JOHN SAYLES'S AMBITIOUS, WONDERfully complex Lone Star covers 40 years in the history of the small but certainly not sleepy border town of Frontera, Texas, the sort of place where a murder that occurred in 1957 can have shattering aftershocks in 1996. A skull and a lawman's badge, discovered in the desert outside town, kick off the story. Sam Deeds (Chris Cooper), Frontera's sheriff, is convinced the skull is that of Charley Wade (Kris Kristofferson), the vicious, corrupt and all-powerful sheriff who ruled Frontera when the white man held all the power, and the town's Hispanics and blacks lived in fear of Wade's gun. But Sam's investigation into this ancient murder has a double edge, because he suspects the man who killed Wade was the sheriff who replaced him-Sam's own father Buddy Deeds (Matthew McConaughey), a legend whom nearly everyone in the town still reveres. Everyone except his son, who has never forgiven his father for breaking up his childhood romance with a local Hispanic girl, and who has never been able to escape his father's large shadow.
This is just the entry gate to Sayles's epic. As in his 1991 "City of Hope," Sayles weaves a dense, novelistic fabric that follows at least 10 major characters and scads of vividly evoked minor parts, revealing with an almost Dickensian largesse the interconnections that bind and divide this racially and ethnically fraught town. Thedirector slides startlingly into his flashbacks, mixing past and present as if erasing the distinction between the two. His point is clear: we carry our history within us, our past always in our present. The question that all his characters are grappling with in this tale of fathers and sons, daughters and mothers, is how to move on, to transcend the trap of history?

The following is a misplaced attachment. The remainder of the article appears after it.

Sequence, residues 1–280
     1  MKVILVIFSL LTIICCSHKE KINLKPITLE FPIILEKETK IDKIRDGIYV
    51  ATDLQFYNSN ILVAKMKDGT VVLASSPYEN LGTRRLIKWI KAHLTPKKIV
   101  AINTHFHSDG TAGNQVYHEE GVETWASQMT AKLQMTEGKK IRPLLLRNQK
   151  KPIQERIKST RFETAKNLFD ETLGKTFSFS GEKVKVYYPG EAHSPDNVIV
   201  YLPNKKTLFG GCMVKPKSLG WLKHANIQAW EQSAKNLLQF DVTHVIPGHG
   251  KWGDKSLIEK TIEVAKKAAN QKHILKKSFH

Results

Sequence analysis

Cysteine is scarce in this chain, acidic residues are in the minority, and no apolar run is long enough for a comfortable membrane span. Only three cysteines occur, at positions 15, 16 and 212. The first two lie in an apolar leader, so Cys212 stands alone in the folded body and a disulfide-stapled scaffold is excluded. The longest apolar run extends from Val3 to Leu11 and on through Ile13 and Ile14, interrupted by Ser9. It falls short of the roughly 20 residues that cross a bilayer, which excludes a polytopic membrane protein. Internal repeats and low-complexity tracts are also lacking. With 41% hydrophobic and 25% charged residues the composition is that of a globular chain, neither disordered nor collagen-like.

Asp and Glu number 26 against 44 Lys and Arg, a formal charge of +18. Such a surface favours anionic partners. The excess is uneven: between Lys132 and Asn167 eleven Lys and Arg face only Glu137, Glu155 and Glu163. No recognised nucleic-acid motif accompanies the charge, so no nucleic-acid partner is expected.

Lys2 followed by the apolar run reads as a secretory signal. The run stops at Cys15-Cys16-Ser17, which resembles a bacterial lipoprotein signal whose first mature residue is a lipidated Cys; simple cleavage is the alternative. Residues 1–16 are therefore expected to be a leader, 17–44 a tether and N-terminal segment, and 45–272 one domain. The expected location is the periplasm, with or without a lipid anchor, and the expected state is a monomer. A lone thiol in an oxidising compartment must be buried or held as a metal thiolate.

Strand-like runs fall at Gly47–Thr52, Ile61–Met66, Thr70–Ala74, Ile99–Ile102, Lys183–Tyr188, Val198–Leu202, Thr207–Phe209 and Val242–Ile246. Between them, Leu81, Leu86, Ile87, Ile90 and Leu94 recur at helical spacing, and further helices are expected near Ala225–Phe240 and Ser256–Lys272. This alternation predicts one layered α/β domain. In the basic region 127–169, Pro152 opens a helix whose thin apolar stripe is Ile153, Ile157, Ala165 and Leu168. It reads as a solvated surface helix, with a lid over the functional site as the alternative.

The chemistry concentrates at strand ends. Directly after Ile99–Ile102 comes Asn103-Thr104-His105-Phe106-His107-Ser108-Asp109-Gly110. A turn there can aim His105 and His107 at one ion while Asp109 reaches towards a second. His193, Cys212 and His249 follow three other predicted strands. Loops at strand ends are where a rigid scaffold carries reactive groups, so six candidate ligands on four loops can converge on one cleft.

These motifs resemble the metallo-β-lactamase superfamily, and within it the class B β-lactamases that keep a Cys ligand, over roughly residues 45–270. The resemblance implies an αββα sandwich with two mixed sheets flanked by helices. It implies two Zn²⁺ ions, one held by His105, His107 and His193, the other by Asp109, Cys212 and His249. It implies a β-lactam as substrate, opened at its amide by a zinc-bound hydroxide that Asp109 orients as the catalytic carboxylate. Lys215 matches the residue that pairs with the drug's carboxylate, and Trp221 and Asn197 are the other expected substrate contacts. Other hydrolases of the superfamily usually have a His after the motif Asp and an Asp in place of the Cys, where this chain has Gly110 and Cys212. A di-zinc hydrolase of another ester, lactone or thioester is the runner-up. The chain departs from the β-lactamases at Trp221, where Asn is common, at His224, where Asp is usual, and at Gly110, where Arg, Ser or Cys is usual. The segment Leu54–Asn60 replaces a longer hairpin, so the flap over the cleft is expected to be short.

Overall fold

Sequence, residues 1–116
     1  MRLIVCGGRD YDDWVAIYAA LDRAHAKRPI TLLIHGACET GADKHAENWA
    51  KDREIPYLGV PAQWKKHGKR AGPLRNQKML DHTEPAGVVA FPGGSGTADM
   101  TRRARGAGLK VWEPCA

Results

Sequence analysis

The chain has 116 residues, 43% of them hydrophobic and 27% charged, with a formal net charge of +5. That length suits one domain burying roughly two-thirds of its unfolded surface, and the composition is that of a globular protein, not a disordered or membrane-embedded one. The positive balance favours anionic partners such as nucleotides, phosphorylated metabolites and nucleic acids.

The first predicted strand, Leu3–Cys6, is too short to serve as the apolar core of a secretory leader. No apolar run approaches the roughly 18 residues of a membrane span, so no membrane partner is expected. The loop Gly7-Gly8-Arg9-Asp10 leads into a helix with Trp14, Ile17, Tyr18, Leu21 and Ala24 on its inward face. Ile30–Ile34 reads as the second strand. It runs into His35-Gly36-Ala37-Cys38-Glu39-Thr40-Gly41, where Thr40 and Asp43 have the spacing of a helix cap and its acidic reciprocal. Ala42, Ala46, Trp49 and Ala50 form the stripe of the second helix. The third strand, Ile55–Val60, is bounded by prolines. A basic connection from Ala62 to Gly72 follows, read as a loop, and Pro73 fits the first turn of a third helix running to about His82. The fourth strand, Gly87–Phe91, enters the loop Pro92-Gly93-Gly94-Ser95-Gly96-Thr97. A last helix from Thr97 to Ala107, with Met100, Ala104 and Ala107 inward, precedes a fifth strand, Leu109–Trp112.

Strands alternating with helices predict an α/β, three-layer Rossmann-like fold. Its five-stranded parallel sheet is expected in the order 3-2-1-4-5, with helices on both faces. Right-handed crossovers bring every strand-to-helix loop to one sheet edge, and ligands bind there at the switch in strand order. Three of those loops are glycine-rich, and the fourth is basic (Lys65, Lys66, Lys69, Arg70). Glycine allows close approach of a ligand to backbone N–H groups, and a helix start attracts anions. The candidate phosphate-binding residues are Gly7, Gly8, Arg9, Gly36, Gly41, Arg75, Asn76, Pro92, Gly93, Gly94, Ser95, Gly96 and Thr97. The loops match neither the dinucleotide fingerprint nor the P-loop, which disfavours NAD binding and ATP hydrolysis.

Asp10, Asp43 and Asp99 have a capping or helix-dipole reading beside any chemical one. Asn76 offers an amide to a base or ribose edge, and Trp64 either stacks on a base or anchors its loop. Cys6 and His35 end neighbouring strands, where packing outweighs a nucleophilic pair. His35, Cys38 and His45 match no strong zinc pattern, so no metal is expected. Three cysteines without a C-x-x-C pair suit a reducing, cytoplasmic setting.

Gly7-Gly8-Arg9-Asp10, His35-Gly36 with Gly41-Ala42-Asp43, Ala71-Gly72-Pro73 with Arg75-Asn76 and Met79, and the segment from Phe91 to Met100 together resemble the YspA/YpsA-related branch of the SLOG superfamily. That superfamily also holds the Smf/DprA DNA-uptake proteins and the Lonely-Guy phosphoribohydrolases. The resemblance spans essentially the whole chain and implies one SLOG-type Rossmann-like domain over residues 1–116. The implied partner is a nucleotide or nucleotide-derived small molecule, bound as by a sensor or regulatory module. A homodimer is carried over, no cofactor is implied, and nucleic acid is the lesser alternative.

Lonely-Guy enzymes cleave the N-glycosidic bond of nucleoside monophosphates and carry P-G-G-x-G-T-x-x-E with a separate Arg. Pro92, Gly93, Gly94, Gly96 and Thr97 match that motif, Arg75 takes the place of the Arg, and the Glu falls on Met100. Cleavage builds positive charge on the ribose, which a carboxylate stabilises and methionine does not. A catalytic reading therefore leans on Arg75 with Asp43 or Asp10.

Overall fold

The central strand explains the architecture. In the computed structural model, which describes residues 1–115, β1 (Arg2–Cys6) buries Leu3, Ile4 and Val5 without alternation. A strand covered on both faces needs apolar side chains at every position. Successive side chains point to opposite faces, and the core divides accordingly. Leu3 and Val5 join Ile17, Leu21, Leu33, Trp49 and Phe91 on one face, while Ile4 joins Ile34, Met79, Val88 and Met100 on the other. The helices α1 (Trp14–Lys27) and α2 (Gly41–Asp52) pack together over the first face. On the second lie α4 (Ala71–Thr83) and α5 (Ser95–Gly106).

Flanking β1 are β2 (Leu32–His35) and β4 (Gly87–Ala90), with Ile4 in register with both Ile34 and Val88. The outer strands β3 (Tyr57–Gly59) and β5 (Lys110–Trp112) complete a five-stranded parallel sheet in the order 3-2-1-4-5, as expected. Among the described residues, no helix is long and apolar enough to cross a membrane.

It's a question Sam must face when he rekindles his romance with Pilar Cruz (Elizabeth Pena), his childhood sweetheart. She's now a widow, a mother and a highschool teacher involved in her own battles over whose version of Texas history will be taught. The past weighs heavily on Pilar's mother (Miriam Colon), a successful businesswoman who wants to distance herself from her Mexican roots-she insists that only English be spoken in her presence. For Delmore Payne (Joe Morton), the tightly wound black commander of the local military base, returning to the town he fled involves a painful confrontation with his father, Otis (Ron Canada), who abandoned him as a child.
Sayles invests all his characters with depths and nuances increasingly rare in American movies. He takes his sweet time laying out his themes and disclosing his secrets, but if the storytelling sometimes threatens to become languid the diversions serve a purpose. The payoff comes at the end, when the myriad threads pull together with a shock like a noose tightening around your neck. Built with old-fashioned craftsmanship, "Lone Star" is not a movie you'll quickly forget. It may not dazzle you with its flash, but it has more on its mind than all the summer wouldbe blockbusters put together.